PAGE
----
How is galaxy seeding explained?Quantum fluctuations in the primordial soup.The emission of Planck plasma via SMBH jets causes concentrated matter-energy reaction regions at the knots and termini of the jets. These may be the beginning of child galaxies. See the work of Arp and the Burbidge’s regarding anomalous redshift of quasi stellar objects.
How is Flatness of the Universe explained?No satisfactory explanation.Space is 3D and Euclidean. It is not curvy. Einstein’s curvature of spacetime is implemented with a particle based structure of spacetime æther.
Is an inflaton field required?Yes.No.
How is the Horizon problem explained? (Causal connectedness of the CMB to near isotropy – 1 in 100000 variation).Isotropy of the quantum soup prior to inflation.Galaxy-local Planck process, governed by the same physics, throughout the universe. Isotropy is natural given that every occurrence of a mini-bang/inflation event passes through the Planck core phase.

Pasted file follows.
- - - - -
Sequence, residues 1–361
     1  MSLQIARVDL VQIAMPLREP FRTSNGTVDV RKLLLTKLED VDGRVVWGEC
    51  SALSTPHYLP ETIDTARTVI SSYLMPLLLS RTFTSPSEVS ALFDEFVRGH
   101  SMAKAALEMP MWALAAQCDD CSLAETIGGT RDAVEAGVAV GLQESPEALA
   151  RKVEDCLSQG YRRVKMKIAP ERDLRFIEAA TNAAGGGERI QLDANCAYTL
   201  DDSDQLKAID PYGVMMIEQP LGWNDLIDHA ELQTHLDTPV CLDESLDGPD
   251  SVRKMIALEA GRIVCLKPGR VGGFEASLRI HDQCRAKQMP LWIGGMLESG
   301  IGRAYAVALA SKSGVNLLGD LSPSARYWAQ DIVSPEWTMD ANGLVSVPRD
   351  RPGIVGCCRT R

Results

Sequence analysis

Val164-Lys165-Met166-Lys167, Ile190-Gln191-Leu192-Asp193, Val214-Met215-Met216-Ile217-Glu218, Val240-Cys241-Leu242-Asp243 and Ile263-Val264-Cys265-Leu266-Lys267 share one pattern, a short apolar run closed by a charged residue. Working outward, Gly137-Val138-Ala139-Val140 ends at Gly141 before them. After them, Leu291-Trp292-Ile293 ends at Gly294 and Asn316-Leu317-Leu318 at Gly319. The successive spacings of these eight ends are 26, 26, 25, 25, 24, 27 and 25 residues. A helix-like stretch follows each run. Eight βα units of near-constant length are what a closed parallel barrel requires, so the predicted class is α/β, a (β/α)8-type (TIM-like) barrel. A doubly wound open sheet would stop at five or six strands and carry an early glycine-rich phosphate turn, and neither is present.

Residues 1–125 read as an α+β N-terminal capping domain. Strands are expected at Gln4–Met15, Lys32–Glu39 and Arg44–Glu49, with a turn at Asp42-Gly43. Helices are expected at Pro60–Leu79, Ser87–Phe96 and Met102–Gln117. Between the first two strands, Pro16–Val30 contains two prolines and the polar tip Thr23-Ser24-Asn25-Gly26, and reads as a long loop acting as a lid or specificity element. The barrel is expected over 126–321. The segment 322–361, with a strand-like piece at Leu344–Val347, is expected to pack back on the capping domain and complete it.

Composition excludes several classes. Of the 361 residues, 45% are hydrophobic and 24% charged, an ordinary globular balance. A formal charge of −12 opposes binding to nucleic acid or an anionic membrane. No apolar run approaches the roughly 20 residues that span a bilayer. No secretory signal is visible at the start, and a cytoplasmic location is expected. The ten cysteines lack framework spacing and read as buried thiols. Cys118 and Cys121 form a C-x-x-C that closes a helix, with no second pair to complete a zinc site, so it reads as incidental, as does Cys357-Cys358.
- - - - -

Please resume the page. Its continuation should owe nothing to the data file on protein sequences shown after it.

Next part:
Eternal inflation was developed by Andrei Linde as a fix and advancement of Guth’s inflation theory. It fits well with the NPQG ideas regarding galaxy local processes.

According to eternal inflation, the inflationary phase of the universe’s expansion lasts forever throughout most of the universe. Because the regions expand exponentially rapidly, most of the volume of the universe at any given time is inflating.



Inflation is a galaxy-local phenomena that contributes to the appearance of Universe expansion via the emission of spacetime æther. The process of creating the æther of axion like particles is driven from the Planck plasma ejecta in jets or mini-bangs from galaxy center SMBH. As Planck photons and neutrinos from the emission decay, cool, inflate, and react they form lesser energy photons, neutrinos, axions, and other particles of standard matter-energy.